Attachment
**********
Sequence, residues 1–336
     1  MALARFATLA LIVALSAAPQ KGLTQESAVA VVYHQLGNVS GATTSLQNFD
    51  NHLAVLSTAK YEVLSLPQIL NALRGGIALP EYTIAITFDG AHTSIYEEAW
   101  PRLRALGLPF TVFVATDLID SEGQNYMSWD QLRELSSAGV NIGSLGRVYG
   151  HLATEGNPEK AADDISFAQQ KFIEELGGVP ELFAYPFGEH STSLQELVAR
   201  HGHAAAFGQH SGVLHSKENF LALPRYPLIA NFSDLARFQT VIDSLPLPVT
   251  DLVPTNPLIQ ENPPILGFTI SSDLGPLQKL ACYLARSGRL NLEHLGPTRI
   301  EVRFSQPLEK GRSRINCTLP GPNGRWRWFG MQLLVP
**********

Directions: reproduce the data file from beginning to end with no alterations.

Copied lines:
Sequence, residues 1–336
     1  MALARFATLA LIVALSAAPQ KGLTQESAVA VVYHQLGNVS GATTSLQNFD
    51  NHLAVLSTAK YEVLSLPQIL NALRGGIALP EYTIAITFDG AHTSIYEEAW
   101  PRLRALGLPF TVFVATDLID SEGQNYMSWD QLRELSSAGV NIGSLGRVYG
   151  HLATEGNPEK AADDISFAQQ KFIEELGGVP ELFAYPFGEH STSLQELVAR
   201  HGHAAAFGQH SGVLHSKENF LALPRYPLIA NFSDLARFQT VIDSLPLPVT
   251  DLVPTNPLIQ ENPPILGFTI SSDLGPLQKL ACYLARSGRL NLEHLGPTRI
   301  EVRFSQPLEK GRSRINCTLP GPNGRWRWFG MQLLVP